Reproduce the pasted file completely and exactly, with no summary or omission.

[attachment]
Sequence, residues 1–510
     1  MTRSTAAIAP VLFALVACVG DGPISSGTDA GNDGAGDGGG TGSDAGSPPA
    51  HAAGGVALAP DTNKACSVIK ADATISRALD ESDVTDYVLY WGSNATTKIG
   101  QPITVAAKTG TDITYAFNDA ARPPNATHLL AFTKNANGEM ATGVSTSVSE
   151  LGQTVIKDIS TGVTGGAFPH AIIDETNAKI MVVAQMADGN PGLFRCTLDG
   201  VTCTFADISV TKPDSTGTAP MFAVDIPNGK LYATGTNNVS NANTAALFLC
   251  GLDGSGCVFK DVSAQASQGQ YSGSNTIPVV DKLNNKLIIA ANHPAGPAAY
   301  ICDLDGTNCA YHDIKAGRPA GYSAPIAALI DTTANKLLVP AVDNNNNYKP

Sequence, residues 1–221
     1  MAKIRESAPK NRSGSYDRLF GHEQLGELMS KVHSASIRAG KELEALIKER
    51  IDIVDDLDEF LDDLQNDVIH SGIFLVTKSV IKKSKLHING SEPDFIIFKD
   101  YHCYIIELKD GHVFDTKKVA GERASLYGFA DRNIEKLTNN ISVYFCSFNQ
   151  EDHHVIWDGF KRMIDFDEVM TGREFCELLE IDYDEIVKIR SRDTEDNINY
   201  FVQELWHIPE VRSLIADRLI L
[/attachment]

Sequence, residues 1–510
     1  MTRSTAAIAP VLFALVACVG DGPISSGTDA GNDGAGDGGG TGSDAGSPPA
    51  HAAGGVALAP DTNKACSVIK ADATISRALD ESDVTDYVLY WGSNATTKIG
   101  QPITVAAKTG TDITYAFNDA ARPPNATHLL AFTKNANGEM ATGVSTSVSE
   151  LGQTVIKDIS TGVTGGAFPH AIIDETNAKI MVVAQMADGN PGLFRCTLDG
   201  VTCTFADISV TKPDSTGTAP MFAVDIPNGK LYATGTNNVS NANTAALFLC
   251  GLDGSGCVFK DVSAQASQGQ YSGSNTIPVV DKLNNKLIIA ANHPAGPAAY
   301  ICDLDGTNCA YHDIKAGRPA GYSAPIAALI DTTANKLLVP AVDNNNNYKP

Sequence, residues 1–221
     1  MAKIRESAPK NRSGSYDRLF GHEQLGELMS KVHSASIRAG KELEALIKER
    51  IDIVDDLDEF LDDLQNDVIH SGIFLVTKSV IKKSKLHING SEPDFIIFKD
   101  YHCYIIELKD GHVFDTKKVA GERASLYGFA DRNIEKLTNN ISVYFCSFNQ
   151  EDHHVIWDGF KRMIDFDEVM TGREFCELLE IDYDEIVKIR SRDTEDNINY
   201  FVQELWHIPE VRSLIADRLI L